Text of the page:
◦ Not optimal

Group-Based EDF [Li 2007]
◦ Creates groups of tasks with close deadlines
◦ Selects a task with the shortest execution time from a group with the
earliest deadline
◦ Efficient for soft real-time tasks
◦ Not optimal
On the Optimality of RM and EDF
for Non-preemptive Harmonic Tasks
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
General task sets with limited execution time
◦ ci ≤ 2(T1 – c1 )
◦ ki ∊ {1, 2, …, 6}
◦ Parameter: U from 0.1 to 0.9
On the Optimality of RM and EDF
for Non-preemptive Harmonic Tasks
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
TSP-EDF is only optimal
algorithm (it uses S ≤ 8).

OSP-EDF has in average only
1% miss ratio, however, it
cannot guarantee
schedulability because of
not having Vi ≥ 1 condition.

Precautious-RM is very
efficient among other
algorithms, yet it is not
optimal.

Note: some of those task
sets are infeasible.
On the Optimality of RM and EDF
for Non-preemptive Harmonic Tasks
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
General task sets
◦ ki ∊ {1, 2, …, 6}
◦ Parameter: U from 0.1 to 0.9

(with uUniFast)
On the Optimality of RM and EDF
for Non-preemptive Harmonic Tasks
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
TSP-EDF is only optimal
algorithm (it uses speedup).

OSP-EDF has in average only
0.02 miss ratio, however, it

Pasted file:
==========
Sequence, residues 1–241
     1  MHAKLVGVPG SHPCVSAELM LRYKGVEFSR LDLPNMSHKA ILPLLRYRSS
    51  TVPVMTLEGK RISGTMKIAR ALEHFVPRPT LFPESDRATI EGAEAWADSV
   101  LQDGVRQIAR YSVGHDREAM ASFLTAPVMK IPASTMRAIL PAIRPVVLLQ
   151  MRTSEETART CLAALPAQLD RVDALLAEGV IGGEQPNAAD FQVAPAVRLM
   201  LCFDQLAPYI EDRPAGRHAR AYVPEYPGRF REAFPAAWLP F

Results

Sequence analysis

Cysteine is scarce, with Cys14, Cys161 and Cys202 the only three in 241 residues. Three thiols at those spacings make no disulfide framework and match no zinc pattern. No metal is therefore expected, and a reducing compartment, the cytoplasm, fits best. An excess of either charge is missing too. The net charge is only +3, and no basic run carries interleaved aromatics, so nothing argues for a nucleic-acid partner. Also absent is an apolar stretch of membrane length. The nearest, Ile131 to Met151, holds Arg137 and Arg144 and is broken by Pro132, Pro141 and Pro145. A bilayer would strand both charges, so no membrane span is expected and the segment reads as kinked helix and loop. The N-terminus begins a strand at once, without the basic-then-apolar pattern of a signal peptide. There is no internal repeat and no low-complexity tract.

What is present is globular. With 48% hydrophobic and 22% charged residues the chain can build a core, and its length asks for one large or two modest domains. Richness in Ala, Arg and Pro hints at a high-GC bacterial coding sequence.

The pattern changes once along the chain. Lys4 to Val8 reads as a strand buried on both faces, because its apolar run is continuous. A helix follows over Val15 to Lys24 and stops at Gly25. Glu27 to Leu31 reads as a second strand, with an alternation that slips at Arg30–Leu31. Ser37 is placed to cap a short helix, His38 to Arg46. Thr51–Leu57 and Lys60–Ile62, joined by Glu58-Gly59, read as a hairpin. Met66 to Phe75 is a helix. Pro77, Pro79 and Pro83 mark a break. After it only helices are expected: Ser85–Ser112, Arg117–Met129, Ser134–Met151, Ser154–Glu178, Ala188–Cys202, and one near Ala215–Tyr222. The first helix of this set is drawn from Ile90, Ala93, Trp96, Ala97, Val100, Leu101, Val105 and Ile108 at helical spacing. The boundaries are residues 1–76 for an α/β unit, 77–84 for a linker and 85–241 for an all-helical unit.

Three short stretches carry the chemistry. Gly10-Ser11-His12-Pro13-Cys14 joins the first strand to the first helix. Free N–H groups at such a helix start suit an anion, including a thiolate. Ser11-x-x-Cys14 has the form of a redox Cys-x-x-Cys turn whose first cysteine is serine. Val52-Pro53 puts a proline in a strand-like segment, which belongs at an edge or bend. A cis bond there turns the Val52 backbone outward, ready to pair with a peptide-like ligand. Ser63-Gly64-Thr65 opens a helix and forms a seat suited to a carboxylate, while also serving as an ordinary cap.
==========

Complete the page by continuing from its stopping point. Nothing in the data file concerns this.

cannot guarantee
schedulability

Precautious-RM is very
efficient among other
algorithms, yet it is not
optimal.

Note: many of those task
sets are infeasible.
On the Optimality of RM and EDF
for Non-preemptive Harmonic Tasks
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
Feasible task sets
◦
◦
◦
◦
ci ≤ T1 – c1
Vi ≥ 1
ki ∊ {1, 2, …, 6}
Parameter: u1 from 0.1 to 0.9
On the Optimality of RM and EDF
for Non-preemptive Harmonic Tasks
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
gEDF has a lot of misses.

GSSP cannot handle ki =1

Others have no misses

Before u1=0.5, Cmax is usually
from other tasks, after that c1
becomes larger than others
[Thekkilakattil 1013]
On the Optimality of RM and EDF
for Non-preemptive Harmonic Tasks
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

The speed S that guarantees the feasibility of a non-preemptive execution
of a harmonic task set is upper bounded by
For the proof we use necessary condition ci ≤ 2(T1 – c1),
thus:
◦ Cmax is either 2(T1 – c1) or c1
◦ Dmin is T1
S≤8
It may reduce U=1 to U’=0.125
On the Optimality of RM and EDF
for Non-preemptive Harmonic Tasks
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
npRM and npEDF are identical if the period is the tie breaker (for npEDF)
RM and EDF are also identical
From now on, any result for npRM is applicable on npEDF as well
On the Optimality of RM and EDF
for Non-preemptive Harmonic Tasks